When it comes to making a difference in one’s community, artist and mentor Eddith Buis is something of an authority.
For more than 40 years, Buis has instructed in the arts for Omaha Public Schools and Metro Community College, all the while contributing personally to public art and discussion, and private collections. From numerous group and solo exhibits to initialing the popular J. Doe Public Art Project in 2001, the multi-media artist has made her mark in the Metro.
Yet Buis knows she’s not alone. For the past few years she has devoted her art to creating portraits of others who she says have made Omaha a better place to call home and be a part of. It began in 2016 with her exhibit at the Bancroft Street Gallery aptly titled Homage, casual, yet cleverly revealing portraits “to honor the fine artists, actors, playwrights, writers, dancers and cultural advancers of the arts in the Omaha Metro Area.”
Now, Buis is ready to move on to the next stage, once again Making a Difference, another set of Metro portraits, but this time widening the playing field.
Making a Difference, the exhibit, which opens from next Friday, Feb. 2 from 4-6 p.m. at the Michael Phipps Gallery in W. Dale Clark Library, consists of “everyday Omaha folks I know who are doing a bang-up job helping our city to be a good place to live.”
Like Homage, this is no small endeavor: 61 portraits in graphite with white conte crayon highlights on gray paper. Individuals were grouped and chosen for posterity from several categories that range from Activism and Health and Healing to Writers and Arts and Education, as well as Neighborhood Betterment and Service to Others. Above all, Buis’ goal this time out was inclusivity.
“I set this up to be as diverse as possible as far as cultures and race, but the individuals are all chosen by what they’re doing for Omaha—their talent and dedication are awesome,” she said. “Mahmud Fitil is from Crimea, and Muslim. Has been in Omaha since he was 12, and is a ‘pipeline fighter’ in the activism category. Oscar Olvera is an upholsterer, and in the Design/Build category…you can see a bit of his sewing machine in the drawing.”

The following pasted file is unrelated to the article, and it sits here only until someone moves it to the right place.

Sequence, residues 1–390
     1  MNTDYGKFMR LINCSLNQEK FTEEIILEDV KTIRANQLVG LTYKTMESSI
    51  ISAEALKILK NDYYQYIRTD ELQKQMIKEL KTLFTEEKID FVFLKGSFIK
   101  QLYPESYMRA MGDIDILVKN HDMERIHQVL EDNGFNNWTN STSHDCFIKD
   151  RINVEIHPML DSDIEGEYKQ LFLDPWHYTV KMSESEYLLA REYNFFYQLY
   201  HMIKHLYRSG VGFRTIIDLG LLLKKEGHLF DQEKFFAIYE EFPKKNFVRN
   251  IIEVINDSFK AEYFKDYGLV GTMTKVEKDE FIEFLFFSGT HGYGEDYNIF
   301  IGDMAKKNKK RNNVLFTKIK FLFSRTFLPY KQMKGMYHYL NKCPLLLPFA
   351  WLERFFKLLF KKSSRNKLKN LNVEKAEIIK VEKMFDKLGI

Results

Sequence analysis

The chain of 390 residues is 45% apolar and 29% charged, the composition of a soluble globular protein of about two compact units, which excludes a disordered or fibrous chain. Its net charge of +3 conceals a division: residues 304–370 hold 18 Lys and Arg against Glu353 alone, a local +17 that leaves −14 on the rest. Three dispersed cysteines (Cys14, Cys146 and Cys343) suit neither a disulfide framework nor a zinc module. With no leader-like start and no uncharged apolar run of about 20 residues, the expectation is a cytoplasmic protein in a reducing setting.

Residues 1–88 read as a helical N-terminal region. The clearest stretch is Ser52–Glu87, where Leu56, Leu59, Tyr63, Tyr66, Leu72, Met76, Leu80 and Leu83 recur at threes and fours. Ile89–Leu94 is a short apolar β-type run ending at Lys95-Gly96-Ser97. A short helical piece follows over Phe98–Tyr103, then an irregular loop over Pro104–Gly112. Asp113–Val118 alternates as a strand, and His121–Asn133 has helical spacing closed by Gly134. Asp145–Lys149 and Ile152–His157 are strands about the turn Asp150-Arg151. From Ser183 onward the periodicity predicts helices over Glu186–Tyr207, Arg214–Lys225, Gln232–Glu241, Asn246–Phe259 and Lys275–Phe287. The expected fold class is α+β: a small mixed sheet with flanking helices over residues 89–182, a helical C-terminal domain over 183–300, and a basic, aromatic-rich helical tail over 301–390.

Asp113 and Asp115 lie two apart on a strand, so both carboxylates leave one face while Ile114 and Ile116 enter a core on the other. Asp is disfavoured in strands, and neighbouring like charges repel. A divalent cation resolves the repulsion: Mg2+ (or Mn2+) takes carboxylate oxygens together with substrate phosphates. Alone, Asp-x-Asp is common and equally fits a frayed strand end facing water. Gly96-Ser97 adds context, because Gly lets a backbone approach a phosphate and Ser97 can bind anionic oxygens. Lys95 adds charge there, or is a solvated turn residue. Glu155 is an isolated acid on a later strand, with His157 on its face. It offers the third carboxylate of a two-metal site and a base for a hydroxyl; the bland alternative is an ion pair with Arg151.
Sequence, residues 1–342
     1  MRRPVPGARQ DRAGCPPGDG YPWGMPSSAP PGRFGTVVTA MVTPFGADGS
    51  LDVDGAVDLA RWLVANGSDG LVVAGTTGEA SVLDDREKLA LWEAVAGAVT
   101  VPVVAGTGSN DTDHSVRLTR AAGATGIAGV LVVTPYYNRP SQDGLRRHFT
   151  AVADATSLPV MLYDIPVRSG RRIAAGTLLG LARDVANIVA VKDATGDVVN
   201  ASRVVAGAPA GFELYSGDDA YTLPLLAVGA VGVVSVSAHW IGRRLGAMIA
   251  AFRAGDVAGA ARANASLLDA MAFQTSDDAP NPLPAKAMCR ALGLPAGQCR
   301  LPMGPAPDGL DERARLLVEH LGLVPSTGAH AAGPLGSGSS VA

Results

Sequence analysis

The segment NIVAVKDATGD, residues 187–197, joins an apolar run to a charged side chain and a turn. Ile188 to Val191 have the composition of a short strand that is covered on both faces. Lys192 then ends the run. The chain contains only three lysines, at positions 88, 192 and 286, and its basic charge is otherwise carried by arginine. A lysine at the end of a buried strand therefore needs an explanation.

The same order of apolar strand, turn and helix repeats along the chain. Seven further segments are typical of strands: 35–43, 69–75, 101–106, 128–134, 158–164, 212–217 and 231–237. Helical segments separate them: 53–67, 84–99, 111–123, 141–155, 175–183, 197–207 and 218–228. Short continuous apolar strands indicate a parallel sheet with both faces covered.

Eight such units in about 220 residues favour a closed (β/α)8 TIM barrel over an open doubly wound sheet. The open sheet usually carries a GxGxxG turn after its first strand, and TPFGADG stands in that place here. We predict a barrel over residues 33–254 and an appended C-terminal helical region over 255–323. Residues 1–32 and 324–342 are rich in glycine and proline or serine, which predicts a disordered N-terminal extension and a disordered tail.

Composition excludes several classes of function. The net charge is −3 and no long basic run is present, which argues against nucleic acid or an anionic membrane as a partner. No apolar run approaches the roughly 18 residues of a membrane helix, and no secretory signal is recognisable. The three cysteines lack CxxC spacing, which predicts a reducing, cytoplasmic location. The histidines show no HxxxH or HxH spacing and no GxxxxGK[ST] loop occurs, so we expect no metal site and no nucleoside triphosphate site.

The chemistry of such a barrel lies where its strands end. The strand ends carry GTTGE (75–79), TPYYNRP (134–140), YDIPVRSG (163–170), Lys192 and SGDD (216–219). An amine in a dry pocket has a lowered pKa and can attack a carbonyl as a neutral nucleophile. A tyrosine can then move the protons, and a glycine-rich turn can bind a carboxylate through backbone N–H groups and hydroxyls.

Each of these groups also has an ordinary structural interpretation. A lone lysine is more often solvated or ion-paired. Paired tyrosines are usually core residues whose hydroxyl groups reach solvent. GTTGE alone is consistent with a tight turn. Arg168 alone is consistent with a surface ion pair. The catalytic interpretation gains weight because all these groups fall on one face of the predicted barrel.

Conceptually, Buis’ commitment to her art, public recognition and social justice the past two years parallels the similar100 People public art project of artist Watie White. White’s seven-foot tall prints of marginalized minorities of race, color, creed and gender can be seen in their neighborhood settings, lately in Midtown, Blackstone and Benson.
As with Buis, White has said “I want to stand with them—people who are making a positive change in this city, large or small.”
Unlike White’s bold, nearly larger than life woodcut prints–a medium and technique that Buis excels in also—her smaller unassuming portraits are more humble renderings that strive for nuance and subtle shadings of personality and character. In their nearly folksy charm several subjects seem to demure from attention in keeping with the underlying theme of this exhibit, being out of the spotlight while making a difference.
In a final show of Buis’ appreciation for their contribution, the artist is gifting the portraits to each of her subjects which can be picked up the day of the closing Feb. 28. Before then viewers can add their own recognition and appreciation to the following, grouped by category: Activism–David Corbin, Mahmud Fitil, Mark Loscutoff, Anahita Rashidi, Virginia Walsh, Elaine Wells;
Arts & Education–Jackie Eihausen, Angie Fischer, Olivia Groth, Tim Guthrie, Pamela Conyers Hinson, Melinda Kozal, Amy Nelson, Kenny Oyer, Watie White, Darin Williams;
Cultural Enhancement–Launa Bacon, Lois Friedman, Chris Hochstetler, Michael Hollins , Casey Logan, Amy Mather, Jeremiah Neal, John Rogers, Kabin Thomas, Laura Vranes, Hugo Zamorano;
Design/Build–Ruben Gomez, Kyle Johnson, Chuck LaBudda, Todd McCollister, Oscar Oliveras, Xuan Pham, Eddy Santamaria, Therman Statom, Bart Vargas;
Health & Healing–Dixitha Anugula, Gary George, Carolyn Manhart, Rachel Mindrup, Michael Schmeeckle, Saundra Swan;
Neighborhood Betterment–Kristine Gerber, Christian Gray, Arturo Mejia , Rhonda Stuberg, Susan Whitfield, Nancy Williams;
Service to Others–Portia Cavett, Lynne Chesire, Debra Kaplan, Saiteja Malisetti, Paige Reitz, Christine Ross, Alana Shriver;
Writers–Jeff Koterba, Matt Mason, Rita Paskowitz , James Reed, Frank Rivas, Heidi Sell.
Making a Difference, portraits by artist Eddith Buis, opens Friday, Feb. 2, 4-6 p.m. in the Michael Phipps Gallery of the W. Dale Clark Library, 215 South 15th St. For details and gallery hours, go to omahalibrary.org/locations/OD/.